The bells stop. Scrooge jumps in place as the door below opens! Something comes rustling up the stairs. The bedroom door opens slowly--


    And here is where it aaaaalll starts to crumble.

    Here’s where I’d joke about, “Wow, it took 21:30 to get to see Marley in 1913, and it took a little longer to see Marley in this version!” But there’s one problem. Marley, in this wonderful film, is played by Claude Rains--who is excellent in just about anything, honestly! Rains might be remembered best for his role in “Casablanca,” but before that, he was an accomplished theatre actor, landing him his first film role in a wee film called-- well. I’ll link a good video on that film here, and there’s actually a great quote from that film that sums up the problem:

“ ‘e’s invisible, that’s what’s the matter with ‘im.” --Constable Jaffers, 1933

Yes, as it turns out here, Marley is visible “only to Scrooge,” which is juuuuust enough to take all the impressive goodwill built up so far and run it over with a reindeer like Grandma. Maybe that’s why Claude Rains plays it as one of the angriest Marleys I’ve heard!

The Invisible Marley is talkative, because by God we’ve got this newfangled sound and we’re going to use it! Hicks does a very good job acting to nothing, and it’s only now that we get a real glimpse at what acting in one of the silent versions would be like, considering there’d be nothing to act to for some / most of the double-exposure shots. Talking to an empty chair, pretending someone is there and asking about grave issues strikes me as particularly hard if you’re not Clint Eastwood!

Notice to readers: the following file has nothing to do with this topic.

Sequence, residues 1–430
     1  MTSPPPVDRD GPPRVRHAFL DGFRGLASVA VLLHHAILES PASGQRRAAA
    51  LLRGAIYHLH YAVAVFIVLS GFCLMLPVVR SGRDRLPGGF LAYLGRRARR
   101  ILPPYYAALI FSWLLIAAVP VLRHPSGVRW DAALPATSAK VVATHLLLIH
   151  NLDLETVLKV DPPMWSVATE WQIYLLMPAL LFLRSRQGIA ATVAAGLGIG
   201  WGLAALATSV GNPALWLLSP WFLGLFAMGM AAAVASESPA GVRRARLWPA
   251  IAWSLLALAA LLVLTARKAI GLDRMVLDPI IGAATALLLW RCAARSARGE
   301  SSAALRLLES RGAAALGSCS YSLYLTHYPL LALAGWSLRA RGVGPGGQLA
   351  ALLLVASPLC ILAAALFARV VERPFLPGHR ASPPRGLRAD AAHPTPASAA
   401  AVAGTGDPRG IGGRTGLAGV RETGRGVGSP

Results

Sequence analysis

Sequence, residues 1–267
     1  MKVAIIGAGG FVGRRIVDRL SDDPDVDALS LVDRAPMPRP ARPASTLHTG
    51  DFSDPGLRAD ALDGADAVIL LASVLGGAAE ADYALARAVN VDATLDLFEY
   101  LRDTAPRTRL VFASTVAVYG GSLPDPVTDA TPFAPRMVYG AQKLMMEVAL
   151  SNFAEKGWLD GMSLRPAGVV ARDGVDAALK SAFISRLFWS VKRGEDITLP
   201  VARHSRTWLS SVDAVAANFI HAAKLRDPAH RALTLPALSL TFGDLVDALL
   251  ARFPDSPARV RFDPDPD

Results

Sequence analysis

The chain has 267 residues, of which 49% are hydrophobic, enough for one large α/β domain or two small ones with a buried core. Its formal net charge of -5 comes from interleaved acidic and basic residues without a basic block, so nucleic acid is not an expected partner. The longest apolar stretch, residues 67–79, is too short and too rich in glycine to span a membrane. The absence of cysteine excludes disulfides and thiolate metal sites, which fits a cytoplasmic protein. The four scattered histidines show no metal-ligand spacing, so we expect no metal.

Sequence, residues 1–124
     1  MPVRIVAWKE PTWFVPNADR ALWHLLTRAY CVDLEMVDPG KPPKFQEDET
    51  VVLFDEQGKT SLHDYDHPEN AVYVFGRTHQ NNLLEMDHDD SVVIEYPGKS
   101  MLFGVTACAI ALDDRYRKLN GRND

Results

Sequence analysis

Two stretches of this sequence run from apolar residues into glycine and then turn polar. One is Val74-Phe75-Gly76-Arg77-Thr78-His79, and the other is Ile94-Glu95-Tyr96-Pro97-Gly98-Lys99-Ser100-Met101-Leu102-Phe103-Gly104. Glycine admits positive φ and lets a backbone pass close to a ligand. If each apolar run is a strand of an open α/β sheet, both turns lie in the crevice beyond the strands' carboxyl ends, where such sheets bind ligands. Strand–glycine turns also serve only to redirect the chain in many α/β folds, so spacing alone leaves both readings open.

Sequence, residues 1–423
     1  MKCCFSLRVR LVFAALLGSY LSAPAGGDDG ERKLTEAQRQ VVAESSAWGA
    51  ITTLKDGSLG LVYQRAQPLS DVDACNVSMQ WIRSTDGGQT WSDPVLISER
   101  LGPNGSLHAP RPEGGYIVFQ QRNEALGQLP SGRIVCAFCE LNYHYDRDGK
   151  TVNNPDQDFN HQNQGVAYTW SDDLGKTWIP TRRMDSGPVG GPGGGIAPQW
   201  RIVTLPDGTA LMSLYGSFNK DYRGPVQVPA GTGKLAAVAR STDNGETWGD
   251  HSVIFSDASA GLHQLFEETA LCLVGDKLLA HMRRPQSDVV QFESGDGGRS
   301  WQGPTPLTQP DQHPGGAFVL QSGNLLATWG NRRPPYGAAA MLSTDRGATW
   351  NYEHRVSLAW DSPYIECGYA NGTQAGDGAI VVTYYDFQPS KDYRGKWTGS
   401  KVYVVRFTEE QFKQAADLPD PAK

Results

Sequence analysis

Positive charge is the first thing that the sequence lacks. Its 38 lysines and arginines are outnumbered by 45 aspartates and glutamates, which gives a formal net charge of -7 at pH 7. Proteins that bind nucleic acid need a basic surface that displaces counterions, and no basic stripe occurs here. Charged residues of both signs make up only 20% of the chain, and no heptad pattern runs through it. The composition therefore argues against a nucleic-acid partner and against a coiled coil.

Interestingly, Marley says flat-out that we’re seeing “A Christmas Past-- (dramatic pause) A Christmas Present-- (...dramatic pause) And a Christmas Yet to Come!”

And so, having accomplished everything in 3 or so minutes, Marley goes to the window and flies out is what I would love to say if we saw any of it.

IMDb also reports that this is the first version where we get that fabled scene of wailing ghosts outside the window!!!... only it’s only visible to Scrooge, and visible to us by way of a blustery gale of snow buffeting around the London night, accompanied by dramatic music, which disappears when Scrooge comes to his senses and sees the night still and quiet. So humbug on that, I say! It’s not even acknowledged by Scrooge, and I won’t have this wishful thinking for that scene; it’s just a blot of mustard for now.